A Den of Thieves


Column by Paul Hein.

Exclusive to STR

Income tax day usually falls around Easter, but while many people do not celebrate Easter, nearly all venerate the Internal Revenue Code on April 15. It is a cause for wonderment, since the income tax, being robbery (or theft) ought to rouse massive civil disobedience, rather than slavish adherence.

Of course, in saying that, I run the risk of being placed in the category of the lunatic fringe who question the right of The Rulers to rob us. Very well. But Judge Andrew Napolitano is certainly not of the aforementioned fringe, and he published an essay on LewRockwell.com on April 18, 2013 under the title “Taxation Is Theft.” The esteemed Murray Rothbard, in an article he wrote for The Libertarian magazine on April 15, 1969, declared “Taxation Is Robbery.”

How about evidence from the horse’s mouth, so to speak? Chapter 570 of Missouri Revised Statutes is headed “Stealing and Related Offenses.” At 570.030 we read, “A person commits the crime of stealing if he or she appropriates property or services of another with the purpose to deprive him or her thereof, either without his or her consent or by means of deceit or coercion.”

And, finally, there is simple common sense. If someone uses force, or the threat of it, to compel you to turn over to him your property, you will say, “I’ve been robbed,” not “I’ve been taxed.” Yet on April 15, the reverse is true: As you yield your property, you will say, “I’ve been taxed,” not “I’ve been robbed.”

If you are a man, and not the proverbial mouse, do you allow yourself to be robbed without so much as a word of dissent? And especially, if head of a household, do you not feel obligated to protect your family from thieves?

There have been many, over the years, who fought against the injustice. They did not fare well. Earliest protests took the form of a claim of Fifth Amendment immunity from providing potentially self-incriminating evidence. That didn’t work. Far more sophisticated arguments arose from careful examination of the Internal Revenue Code itself (which, interestingly, does not define “income,” while claiming the right to tax it) and discovering little support for the claim that it imposes a tax upon most of us, or that the “income” which is taxed is what most of us derive from our domestic labors or investments. Some of the most prominent supporters of these arguments found themselves in prison, after trials before what could only be called a kangaroo court.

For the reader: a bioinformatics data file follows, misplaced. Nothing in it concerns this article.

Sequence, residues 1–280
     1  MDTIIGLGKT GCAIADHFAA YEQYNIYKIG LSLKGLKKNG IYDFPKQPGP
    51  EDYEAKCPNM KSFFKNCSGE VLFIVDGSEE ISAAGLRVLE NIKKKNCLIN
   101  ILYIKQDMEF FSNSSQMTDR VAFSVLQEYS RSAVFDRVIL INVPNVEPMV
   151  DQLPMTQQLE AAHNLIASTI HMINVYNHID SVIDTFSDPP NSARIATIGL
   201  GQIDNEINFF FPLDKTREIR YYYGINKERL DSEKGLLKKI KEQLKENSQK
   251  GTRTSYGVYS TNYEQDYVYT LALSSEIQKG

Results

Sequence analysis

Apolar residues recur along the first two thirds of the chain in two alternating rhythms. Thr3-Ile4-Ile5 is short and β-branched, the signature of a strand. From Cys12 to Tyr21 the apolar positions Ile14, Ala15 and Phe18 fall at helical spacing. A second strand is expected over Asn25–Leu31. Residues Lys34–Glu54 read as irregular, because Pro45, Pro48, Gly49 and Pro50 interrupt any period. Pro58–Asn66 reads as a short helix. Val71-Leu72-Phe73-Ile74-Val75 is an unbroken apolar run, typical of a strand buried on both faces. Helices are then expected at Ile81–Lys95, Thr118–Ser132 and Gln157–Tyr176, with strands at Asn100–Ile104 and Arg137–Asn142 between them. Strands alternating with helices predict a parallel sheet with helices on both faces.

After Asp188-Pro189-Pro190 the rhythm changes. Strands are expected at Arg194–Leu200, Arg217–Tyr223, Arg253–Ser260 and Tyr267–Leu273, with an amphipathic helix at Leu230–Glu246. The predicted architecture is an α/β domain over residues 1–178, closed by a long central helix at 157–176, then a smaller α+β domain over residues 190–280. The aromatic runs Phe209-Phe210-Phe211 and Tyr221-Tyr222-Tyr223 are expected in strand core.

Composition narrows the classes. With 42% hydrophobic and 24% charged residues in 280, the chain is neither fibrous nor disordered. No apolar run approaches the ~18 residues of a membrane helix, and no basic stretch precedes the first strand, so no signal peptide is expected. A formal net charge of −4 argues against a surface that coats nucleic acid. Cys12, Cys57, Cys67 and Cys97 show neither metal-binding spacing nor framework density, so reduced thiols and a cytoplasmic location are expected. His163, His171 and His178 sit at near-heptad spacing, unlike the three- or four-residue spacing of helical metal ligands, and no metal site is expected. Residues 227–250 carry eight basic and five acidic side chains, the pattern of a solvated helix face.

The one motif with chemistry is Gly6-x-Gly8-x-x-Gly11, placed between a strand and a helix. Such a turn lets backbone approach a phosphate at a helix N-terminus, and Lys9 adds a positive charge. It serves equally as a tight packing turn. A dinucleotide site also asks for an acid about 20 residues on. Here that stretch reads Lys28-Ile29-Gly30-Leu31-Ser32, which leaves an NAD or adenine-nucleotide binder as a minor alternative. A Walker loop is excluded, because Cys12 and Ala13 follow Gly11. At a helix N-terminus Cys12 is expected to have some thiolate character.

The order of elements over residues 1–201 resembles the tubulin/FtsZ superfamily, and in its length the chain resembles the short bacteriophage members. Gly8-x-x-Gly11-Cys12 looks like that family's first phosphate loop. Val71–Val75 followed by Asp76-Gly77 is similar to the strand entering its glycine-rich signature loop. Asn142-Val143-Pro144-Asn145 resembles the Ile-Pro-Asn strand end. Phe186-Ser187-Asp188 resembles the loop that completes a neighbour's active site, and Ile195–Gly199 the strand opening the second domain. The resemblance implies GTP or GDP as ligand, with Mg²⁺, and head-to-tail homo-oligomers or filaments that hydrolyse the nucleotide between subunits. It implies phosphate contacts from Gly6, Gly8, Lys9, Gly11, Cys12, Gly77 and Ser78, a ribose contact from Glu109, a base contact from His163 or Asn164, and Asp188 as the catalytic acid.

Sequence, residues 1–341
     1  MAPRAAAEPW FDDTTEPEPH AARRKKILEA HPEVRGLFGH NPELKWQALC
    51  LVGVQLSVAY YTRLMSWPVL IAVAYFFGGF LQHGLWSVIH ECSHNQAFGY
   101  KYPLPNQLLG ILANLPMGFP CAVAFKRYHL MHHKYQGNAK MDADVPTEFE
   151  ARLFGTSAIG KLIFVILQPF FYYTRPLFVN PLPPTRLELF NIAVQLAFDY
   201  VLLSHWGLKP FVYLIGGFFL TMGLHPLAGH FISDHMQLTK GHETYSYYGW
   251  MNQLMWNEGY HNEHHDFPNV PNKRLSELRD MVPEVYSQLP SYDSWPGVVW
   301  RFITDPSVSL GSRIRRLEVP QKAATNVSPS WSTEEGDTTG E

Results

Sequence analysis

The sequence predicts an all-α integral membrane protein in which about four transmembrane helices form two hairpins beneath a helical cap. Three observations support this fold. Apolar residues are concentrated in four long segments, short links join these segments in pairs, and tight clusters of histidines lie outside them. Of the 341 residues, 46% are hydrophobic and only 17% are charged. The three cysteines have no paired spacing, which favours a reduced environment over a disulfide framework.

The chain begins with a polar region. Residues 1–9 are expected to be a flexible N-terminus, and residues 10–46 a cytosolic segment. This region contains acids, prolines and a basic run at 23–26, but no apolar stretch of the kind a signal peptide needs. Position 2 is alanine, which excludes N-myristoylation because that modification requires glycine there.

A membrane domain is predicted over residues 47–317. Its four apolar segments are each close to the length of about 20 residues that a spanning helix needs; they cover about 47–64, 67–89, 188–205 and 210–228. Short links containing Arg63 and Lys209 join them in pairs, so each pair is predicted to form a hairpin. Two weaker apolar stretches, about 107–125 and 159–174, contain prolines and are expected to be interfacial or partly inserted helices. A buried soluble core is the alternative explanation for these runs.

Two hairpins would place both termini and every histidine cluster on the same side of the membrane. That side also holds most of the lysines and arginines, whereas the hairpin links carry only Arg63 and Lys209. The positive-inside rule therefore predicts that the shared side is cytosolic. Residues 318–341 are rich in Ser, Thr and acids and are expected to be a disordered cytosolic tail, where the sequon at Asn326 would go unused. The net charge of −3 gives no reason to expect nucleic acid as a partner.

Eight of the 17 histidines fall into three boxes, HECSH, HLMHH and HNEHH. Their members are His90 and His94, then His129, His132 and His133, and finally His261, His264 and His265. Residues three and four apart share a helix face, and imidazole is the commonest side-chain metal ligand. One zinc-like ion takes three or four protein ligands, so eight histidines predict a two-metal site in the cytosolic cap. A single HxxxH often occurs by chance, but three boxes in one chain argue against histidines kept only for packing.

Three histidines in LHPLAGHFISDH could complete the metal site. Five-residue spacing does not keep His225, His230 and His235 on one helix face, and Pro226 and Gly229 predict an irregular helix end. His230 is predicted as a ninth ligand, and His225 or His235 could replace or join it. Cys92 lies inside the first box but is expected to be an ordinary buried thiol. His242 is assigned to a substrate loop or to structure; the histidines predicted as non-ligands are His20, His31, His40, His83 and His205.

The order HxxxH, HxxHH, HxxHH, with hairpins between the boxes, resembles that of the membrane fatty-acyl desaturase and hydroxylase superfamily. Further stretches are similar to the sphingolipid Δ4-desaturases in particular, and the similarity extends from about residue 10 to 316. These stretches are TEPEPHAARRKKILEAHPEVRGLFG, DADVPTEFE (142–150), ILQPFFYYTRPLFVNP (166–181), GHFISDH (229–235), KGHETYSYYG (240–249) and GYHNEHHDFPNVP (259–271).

The problem with making legal arguments is that the parties making the laws also administer, enforce, and adjudicate them, so that the defendant finds himself with two strikes against him before he picks up his bat, and the umpire is the pitcher’s brother.

Experience teaches. A new strategy is not to make legal arguments—or arguments of any kind at all. This is a policy advocated by Marc Stevens, who uses the Socratic method of arriving at the truth by asking questions. The fundamental question being: “What evidence can you produce proving that your code applies to me?” This question bemuses, confuses, and frequently enrages the functionaries to whom it is directed. They may try to dismiss it as a frivolous argument, but it is obviously not an argument at all. They may insist they have no need of evidence, but certainly, if they are prepared to accuse you of a crime (failure to file, failure to pay, evasion, etc.), they must have evidence to support the charge. If there is evidence, produce it. If not, drop any charges or claims.

If you have ever received a letter from the IRS, the salutation was probably “Dear Taxpayer.” Did you just gloss over that word “taxpayer”? According to the IRS’s own code, that term means anyone “subject to any internal revenue tax” (26 USC 7701-14). Thus, to be subject to the code means being subject to those administering, enforcing, adjudicating, it. The phrase “subject to,” according to a law dictionary, means “subordinate, subservient, inferior, obedient to.” The IRS refers to you as a “taxpayer,” or someone subservient, inferior, and obedient--to them. So Mr. Stevens’ question is utterly pertinent and reasonable. How does one become subservient, inferior, and obedient to the IRS? What evidence proves you have that status? I once had an opportunity to question a tax authority about that word “taxpayer.” If I am a taxpayer simply because you refer to me as such, I asked, could you not refer to me as “your majesty” and make me a king? He declined to answer, and seemed to resent my asking.